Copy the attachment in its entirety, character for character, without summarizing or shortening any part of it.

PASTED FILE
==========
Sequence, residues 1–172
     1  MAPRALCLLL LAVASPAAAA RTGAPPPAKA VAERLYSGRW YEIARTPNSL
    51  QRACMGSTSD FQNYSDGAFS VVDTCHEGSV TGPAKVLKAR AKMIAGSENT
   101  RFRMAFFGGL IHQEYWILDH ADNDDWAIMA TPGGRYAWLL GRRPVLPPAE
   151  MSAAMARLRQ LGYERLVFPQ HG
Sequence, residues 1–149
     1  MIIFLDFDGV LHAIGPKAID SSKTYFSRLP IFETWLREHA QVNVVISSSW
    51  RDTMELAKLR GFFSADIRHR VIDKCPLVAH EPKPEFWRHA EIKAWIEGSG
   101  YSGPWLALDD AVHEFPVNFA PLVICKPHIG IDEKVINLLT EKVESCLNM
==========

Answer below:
Sequence, residues 1–172
     1  MAPRALCLLL LAVASPAAAA RTGAPPPAKA VAERLYSGRW YEIARTPNSL
    51  QRACMGSTSD FQNYSDGAFS VVDTCHEGSV TGPAKVLKAR AKMIAGSENT
   101  RFRMAFFGGL IHQEYWILDH ADNDDWAIMA TPGGRYAWLL GRRPVLPPAE
   151  MSAAMARLRQ LGYERLVFPQ HG
Sequence, residues 1–149
     1  MIIFLDFDGV LHAIGPKAID SSKTYFSRLP IFETWLREHA QVNVVISSSW
    51  RDTMELAKLR GFFSADIRHR VIDKCPLVAH EPKPEFWRHA EIKAWIEGSG
   101  YSGPWLALDD AVHEFPVNFA PLVICKPHIG IDEKVINLLT EKVESCLNM